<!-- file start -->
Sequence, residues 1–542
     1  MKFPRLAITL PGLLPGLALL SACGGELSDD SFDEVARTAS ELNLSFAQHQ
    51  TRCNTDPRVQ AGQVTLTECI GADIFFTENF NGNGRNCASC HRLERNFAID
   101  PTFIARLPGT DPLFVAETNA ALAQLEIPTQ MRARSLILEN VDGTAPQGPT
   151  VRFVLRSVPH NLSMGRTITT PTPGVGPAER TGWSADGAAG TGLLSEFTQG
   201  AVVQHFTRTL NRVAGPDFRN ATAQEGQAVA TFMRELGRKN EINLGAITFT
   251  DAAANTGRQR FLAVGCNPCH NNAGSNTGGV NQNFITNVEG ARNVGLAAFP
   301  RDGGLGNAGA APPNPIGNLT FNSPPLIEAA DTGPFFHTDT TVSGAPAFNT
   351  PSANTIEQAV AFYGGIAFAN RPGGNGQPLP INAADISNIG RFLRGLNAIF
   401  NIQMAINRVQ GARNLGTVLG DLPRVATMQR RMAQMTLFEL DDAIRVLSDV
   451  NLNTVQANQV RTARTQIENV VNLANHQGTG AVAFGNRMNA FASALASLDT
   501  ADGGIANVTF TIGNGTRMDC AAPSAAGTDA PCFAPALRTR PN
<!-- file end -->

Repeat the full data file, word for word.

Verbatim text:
Sequence, residues 1–542
     1  MKFPRLAITL PGLLPGLALL SACGGELSDD SFDEVARTAS ELNLSFAQHQ
    51  TRCNTDPRVQ AGQVTLTECI GADIFFTENF NGNGRNCASC HRLERNFAID
   101  PTFIARLPGT DPLFVAETNA ALAQLEIPTQ MRARSLILEN VDGTAPQGPT
   151  VRFVLRSVPH NLSMGRTITT PTPGVGPAER TGWSADGAAG TGLLSEFTQG
   201  AVVQHFTRTL NRVAGPDFRN ATAQEGQAVA TFMRELGRKN EINLGAITFT
   251  DAAANTGRQR FLAVGCNPCH NNAGSNTGGV NQNFITNVEG ARNVGLAAFP
   301  RDGGLGNAGA APPNPIGNLT FNSPPLIEAA DTGPFFHTDT TVSGAPAFNT
   351  PSANTIEQAV AFYGGIAFAN RPGGNGQPLP INAADISNIG RFLRGLNAIF
   401  NIQMAINRVQ GARNLGTVLG DLPRVATMQR RMAQMTLFEL DDAIRVLSDV
   451  NLNTVQANQV RTARTQIENV VNLANHQGTG AVAFGNRMNA FASALASLDT
   501  ADGGIANVTF TIGNGTRMDC AAPSAAGTDA PCFAPALRTR PN